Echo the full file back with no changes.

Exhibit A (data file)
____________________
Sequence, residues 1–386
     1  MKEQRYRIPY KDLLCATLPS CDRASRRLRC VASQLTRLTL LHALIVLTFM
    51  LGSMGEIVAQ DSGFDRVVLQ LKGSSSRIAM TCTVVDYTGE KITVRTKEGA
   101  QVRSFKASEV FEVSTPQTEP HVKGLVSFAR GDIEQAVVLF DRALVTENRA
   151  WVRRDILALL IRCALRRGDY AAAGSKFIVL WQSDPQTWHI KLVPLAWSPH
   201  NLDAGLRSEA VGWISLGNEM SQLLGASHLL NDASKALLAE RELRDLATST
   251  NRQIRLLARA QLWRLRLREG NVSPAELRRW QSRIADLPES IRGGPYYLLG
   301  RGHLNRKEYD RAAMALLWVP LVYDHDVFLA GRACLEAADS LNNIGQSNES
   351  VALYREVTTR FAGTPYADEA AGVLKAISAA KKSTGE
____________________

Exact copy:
Sequence, residues 1–386
     1  MKEQRYRIPY KDLLCATLPS CDRASRRLRC VASQLTRLTL LHALIVLTFM
    51  LGSMGEIVAQ DSGFDRVVLQ LKGSSSRIAM TCTVVDYTGE KITVRTKEGA
   101  QVRSFKASEV FEVSTPQTEP HVKGLVSFAR GDIEQAVVLF DRALVTENRA
   151  WVRRDILALL IRCALRRGDY AAAGSKFIVL WQSDPQTWHI KLVPLAWSPH
   201  NLDAGLRSEA VGWISLGNEM SQLLGASHLL NDASKALLAE RELRDLATST
   251  NRQIRLLARA QLWRLRLREG NVSPAELRRW QSRIADLPES IRGGPYYLLG
   301  RGHLNRKEYD RAAMALLWVP LVYDHDVFLA GRACLEAADS LNNIGQSNES
   351  VALYREVTTR FAGTPYADEA AGVLKAISAA KKSTGE